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  1. #1
    3D Printer Noob
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    Cube3, problem with walls and top layers

    So this is a problem I'm facing with the Cubeprint software. Seems not to correctly fill gaps between walls if that gap is smaller than 1mm (more or less, didn't measure correctly). It does not create the top solid layers.
    I tried using Simplify and the quality is awful. Here's the example:

    https://photos.app.goo.gl/1URGzQTtHUaujMVR6

    The top one is made with Cube print, and the other is sliced with Simplify and converted to cube3 format.

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  3. #2
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    The magic numbers are 0.9 and 1.8mm thick. This assures a nice wall thickness that attempts to fill with either 2 or 4 traces.
    If walls need to be bound together, drill some micro-holes in your print's 3D model walls. That will add a lot of rigidity.
    Last edited by TommyDee; 05-28-2019 at 05:28 AM.

  4. #3
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    Ok, will try with that numbers however that crappy slicer seems to leave a lot of open holes. Thanks a lot!
    Last edited by Ramdak; 05-28-2019 at 01:58 PM.

  5. #4
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    It does that indeed.

  6. #5
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    @TommyDee -
    Could you please elaborate a little on "microholes"?

    Does this mean to design small diameter holes thru thin walls?
    What diameter works well?
    How closely spaced?
    Why does this help?
    Thanks!

  7. #6
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    Microholes for stitching. More or less 0.2mm diameter or square holes through your print where you want extra strength. I use it a lot to stitch long wall sections together but I can also surgically place them within a structure to provide extra strength and still have a solid wall. Good example: https://www.thingiverse.com/thing:3250065

    These stitches are in the plane of the extruder. They force stitching between walls at intervals of your choosing. They are quite strong so you can be sparse with them. However, I use a similar technique for high fill by adding holes in Z or random axis. Basically, it adds more structure.

  8. #7
    Regular 3D Printer
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    Aha, I see. Nice!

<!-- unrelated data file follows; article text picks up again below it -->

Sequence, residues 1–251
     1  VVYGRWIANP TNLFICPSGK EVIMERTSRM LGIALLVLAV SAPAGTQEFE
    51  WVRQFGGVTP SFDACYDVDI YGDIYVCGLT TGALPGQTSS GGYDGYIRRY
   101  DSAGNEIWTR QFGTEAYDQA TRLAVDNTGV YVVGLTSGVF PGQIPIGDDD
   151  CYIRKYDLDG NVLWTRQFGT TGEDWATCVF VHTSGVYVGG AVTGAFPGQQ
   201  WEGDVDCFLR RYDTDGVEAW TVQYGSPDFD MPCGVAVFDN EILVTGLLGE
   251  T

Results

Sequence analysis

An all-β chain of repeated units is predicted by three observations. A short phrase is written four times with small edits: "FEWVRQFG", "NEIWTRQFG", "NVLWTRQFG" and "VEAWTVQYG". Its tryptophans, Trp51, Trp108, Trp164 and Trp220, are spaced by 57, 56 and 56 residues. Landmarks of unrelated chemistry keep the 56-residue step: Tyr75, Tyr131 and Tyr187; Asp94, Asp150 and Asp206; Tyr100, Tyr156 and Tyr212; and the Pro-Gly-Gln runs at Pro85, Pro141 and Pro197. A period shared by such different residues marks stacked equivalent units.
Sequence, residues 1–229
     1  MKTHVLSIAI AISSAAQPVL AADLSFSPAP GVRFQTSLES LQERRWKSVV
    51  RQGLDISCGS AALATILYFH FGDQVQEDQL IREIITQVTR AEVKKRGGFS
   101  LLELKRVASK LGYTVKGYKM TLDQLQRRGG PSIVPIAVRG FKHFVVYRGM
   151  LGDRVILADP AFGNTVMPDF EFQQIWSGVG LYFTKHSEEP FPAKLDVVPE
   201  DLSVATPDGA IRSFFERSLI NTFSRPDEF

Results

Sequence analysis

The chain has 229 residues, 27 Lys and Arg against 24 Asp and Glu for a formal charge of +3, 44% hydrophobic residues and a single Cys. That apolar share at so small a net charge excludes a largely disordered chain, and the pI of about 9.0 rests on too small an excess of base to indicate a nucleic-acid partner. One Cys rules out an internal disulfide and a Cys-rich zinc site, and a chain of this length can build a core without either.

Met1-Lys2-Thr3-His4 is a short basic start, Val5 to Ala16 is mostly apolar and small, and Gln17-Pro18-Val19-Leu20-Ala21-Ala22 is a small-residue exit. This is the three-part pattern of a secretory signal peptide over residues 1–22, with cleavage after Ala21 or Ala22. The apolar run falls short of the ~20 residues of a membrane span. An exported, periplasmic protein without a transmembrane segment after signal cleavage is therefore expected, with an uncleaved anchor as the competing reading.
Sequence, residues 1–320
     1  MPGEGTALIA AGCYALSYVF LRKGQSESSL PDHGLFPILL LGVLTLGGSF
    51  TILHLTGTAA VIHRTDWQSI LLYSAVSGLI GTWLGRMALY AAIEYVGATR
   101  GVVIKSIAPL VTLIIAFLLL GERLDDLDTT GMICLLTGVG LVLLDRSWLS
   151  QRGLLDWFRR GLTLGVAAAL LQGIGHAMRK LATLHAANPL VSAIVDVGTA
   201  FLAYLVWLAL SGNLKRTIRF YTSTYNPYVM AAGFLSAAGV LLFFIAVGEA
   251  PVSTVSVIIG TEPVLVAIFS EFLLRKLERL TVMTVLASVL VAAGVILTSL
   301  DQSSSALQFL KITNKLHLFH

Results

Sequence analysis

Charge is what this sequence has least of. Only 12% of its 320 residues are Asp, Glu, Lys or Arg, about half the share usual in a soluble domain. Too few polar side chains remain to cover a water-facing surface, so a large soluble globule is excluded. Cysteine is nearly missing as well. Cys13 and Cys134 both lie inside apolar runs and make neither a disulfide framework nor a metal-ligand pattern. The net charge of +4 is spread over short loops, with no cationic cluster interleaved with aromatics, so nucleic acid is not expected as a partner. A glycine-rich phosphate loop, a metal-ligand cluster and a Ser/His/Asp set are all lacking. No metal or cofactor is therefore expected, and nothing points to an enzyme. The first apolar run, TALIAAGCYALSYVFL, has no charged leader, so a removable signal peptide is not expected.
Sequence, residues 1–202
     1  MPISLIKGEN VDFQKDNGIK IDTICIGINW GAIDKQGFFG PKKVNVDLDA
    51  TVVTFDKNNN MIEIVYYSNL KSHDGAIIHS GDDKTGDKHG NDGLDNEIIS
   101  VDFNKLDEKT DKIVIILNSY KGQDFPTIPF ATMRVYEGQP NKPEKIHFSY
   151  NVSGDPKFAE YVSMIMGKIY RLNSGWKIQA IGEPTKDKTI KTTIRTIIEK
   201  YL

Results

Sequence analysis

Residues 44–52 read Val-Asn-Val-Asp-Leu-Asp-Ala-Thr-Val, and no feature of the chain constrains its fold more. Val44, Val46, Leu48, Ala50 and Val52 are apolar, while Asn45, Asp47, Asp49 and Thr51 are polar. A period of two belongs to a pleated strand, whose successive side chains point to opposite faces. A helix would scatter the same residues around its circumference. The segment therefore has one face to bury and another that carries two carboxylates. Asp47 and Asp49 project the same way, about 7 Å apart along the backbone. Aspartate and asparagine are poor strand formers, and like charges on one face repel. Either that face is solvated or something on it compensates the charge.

The battery case example looks as if you used little rectangular holes.
    I wonder how small you could make the holes so Cube Print would still honor them?
    Could they be small enough to become practically invisible in the finished print, but still exist as at least one trace? The idea would be to have an exterior wall that is perforated but doesn't look perforated...

    Experimentation is called for!

  9. #8
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    It is hard to hide this feature. Anything 0.2mm in height will be recognized by the slicer as a feature. I have gone in and buried the hole which will make the outside face smooth but it always seems to have some level of tell-tale. If you offset the feature within the wall, say back it off 0.45-0.5mm from the surface, you don't exactly get the stitching but you still get better adhesion or a stronger core.

  10. #9
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    Will using another slicer fix this?

    I'm trying to get the most out of this printer because I got it for free and have silent time and a little bit of money getting both mine and the sister one in my high school shop running again.

    It's actually a pretty impressive machine for what it is.

  11. #10
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    These are impressive for sure. Used as intended with a little knowledge will get you very productive prints.

    Unfortunately there are no other compatible slicers, not wholly compatible. This is because Cube3 shares a heaters in a single hot plate.

    Simplify3D could come close for single filament prints. You would need to make a few edits with buddybu's Cube3editor.

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